Everyone has a plan until they get punched in the face

Apparently, that is an often used boxing maxim that I thought fitting for the tittle of this blog.

After 5 and a half years, Jan 31st 2009 was officially my last day with Adobe and reason enough for us to have cracked open a bottle of Bollinger's 1997 La Grande Annee.

Back in December 2008, Adobe announced the implementation of a restructuring program, reducing its headcount by approximately 600 full-time positions globally (see press release for details) - approximately 8% of it's workforce and myself included.

In Asia Pacific they decided to apply the Pareto principle and focus on the part of the business that generates 80% of the revenue - Creative Suite. I'm in two minds as to whether that simple approach works out as well in the long term. Having a portfolio of profitable products in different markets is a great risk management strategy - when one market/product is down, others can carry it through and vice versa. Divesting from one product line to focus on the product line that is suffering the most from the current decline seems to me, curiously counter-productive - especially when the market you are divesting from is relationship oriented.

Seth Godin sums up this tactic of persistence on his blog nicely. Interestingly, it is in times like this that the big shifts in market share occur - companies that exit prematurely lose out whilst those that (cost effectively) invest, thrive and gain market share.

Sadly, this decision means less investment in the area I was focused on - the Enterprise business.

I definitely get to leave on a high note: my results for our FY08 of 299% Y/Y growth for the product line in Asia Pacific are quite decent.

Interestingly, as I go through all my files, strategy documents and customer presentations, I do feel I had a positive and reasonably significant impact on Adobe. I was reviewing a global industry solution presentation and 2 of the 3 customer success stories were ones I'd delivered. The last deal I worked to close was the largest enterprise license deal ever done in Asia Pacific. I feel pretty proud about that.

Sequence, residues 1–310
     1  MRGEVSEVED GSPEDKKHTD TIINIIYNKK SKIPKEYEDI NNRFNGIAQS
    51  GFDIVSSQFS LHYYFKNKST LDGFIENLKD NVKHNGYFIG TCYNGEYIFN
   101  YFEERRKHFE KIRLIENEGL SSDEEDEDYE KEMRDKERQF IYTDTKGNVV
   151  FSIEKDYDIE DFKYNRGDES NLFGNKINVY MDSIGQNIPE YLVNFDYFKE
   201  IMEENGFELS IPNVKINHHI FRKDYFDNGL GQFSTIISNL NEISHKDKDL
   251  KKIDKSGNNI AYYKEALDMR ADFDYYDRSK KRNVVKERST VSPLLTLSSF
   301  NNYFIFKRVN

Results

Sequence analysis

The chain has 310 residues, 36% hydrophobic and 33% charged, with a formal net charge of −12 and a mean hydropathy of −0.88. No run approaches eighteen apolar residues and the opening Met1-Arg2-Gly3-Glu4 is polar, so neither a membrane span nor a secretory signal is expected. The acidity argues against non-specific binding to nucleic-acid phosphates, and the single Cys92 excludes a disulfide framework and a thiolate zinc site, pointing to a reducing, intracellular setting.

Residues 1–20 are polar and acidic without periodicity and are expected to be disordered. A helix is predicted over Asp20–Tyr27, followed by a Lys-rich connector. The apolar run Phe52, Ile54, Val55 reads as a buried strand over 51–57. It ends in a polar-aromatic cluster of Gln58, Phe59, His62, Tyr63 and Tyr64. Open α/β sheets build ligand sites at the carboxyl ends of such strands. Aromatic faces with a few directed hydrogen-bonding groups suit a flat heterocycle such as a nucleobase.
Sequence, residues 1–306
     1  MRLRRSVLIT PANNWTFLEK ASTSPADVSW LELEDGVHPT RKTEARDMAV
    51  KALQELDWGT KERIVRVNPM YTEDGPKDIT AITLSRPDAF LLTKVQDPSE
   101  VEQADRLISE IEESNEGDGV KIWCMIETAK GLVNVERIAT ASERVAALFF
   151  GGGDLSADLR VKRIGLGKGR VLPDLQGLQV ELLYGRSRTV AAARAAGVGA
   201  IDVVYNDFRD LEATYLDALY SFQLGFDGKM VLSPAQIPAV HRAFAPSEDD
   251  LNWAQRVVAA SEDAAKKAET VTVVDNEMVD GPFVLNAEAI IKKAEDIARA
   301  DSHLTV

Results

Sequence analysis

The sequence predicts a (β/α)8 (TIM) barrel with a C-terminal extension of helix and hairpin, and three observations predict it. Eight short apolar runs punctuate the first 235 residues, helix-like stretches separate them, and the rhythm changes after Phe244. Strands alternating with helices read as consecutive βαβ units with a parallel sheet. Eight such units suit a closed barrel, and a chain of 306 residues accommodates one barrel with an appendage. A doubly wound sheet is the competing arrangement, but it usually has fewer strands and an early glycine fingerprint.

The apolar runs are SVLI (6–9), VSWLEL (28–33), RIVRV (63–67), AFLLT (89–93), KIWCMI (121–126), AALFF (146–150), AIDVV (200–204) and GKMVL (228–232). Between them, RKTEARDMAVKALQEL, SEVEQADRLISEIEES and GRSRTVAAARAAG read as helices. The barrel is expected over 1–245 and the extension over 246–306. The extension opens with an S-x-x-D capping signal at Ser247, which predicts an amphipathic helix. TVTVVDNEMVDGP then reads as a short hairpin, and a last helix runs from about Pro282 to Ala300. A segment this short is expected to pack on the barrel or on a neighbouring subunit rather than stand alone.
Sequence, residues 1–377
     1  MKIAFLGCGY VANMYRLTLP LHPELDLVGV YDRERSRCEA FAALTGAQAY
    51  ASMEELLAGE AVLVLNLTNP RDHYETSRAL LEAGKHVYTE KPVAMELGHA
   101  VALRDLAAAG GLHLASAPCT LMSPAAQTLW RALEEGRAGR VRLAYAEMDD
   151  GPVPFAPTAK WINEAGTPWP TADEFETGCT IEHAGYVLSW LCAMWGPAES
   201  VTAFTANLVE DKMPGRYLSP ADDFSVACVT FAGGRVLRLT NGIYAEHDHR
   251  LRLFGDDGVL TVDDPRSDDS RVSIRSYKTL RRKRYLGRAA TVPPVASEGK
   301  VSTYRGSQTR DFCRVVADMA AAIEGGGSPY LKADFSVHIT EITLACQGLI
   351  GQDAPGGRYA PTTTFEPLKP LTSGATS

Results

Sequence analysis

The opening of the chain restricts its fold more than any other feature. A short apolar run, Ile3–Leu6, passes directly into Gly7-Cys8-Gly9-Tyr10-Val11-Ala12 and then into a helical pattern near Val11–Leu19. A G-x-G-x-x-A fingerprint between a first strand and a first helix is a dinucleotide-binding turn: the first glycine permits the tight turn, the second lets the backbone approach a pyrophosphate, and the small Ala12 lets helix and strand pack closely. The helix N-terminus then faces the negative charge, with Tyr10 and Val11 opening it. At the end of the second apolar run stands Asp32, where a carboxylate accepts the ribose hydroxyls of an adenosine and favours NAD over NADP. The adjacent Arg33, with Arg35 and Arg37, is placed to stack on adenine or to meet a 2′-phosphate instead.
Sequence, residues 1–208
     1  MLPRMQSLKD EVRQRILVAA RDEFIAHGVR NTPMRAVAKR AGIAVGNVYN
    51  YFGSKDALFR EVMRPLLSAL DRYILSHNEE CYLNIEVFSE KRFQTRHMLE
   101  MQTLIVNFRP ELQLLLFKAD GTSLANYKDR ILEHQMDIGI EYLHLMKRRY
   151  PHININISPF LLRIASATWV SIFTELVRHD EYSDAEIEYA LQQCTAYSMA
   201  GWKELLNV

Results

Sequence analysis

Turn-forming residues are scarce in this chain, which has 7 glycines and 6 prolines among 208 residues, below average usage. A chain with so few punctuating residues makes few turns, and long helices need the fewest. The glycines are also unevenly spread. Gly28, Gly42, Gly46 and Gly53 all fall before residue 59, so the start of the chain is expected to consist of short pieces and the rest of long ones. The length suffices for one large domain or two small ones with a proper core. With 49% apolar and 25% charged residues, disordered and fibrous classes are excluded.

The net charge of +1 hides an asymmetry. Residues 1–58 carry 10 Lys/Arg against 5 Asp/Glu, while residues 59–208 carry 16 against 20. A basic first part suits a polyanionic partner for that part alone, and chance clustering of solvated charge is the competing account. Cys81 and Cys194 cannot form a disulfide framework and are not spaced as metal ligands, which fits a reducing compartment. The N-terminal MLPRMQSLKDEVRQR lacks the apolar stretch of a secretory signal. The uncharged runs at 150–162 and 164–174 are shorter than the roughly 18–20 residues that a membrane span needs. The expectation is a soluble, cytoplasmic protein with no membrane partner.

I wish Adobe all the best in it's future - I think it will be a reasonably bright one given the technology they have and continue to produce. I do hope they figure out how to be good cloud computing players as it seems to be alluding them so far (with the one exception of Connect Pro - a much more elegant solution than WebEx or Microsoft NetMeeting). They are showing some promising signs with Cocomo but best to wait for the results rather than believe the PowerPoint's. :-)

What is next for me? I'm not 100% sure at the time of drafting this blog entry... I think I'll stick to software and I'd like to focus on cloud computing and/or leverage my knowledge of enterprise customers, software vendors and system integration organisations.

Despite the small inconvenience of timing and finding the right career advancing role during the GFC (I'm having flashbacks to timing is everything), I'm optimistic that this is a great opportunity to find my next challenge and move to the next level in my career.

The important thing to do is to be optimistic and stay focused on getting back into the game - two topics I'll elaborate on in blogs over the coming days.

Perhaps I should be rereading Who Moved My Cheese? Or perhaps I should be asking for a personal bailout from US Congress? :-)

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posted by Lee Gale @ 1:00 AM,

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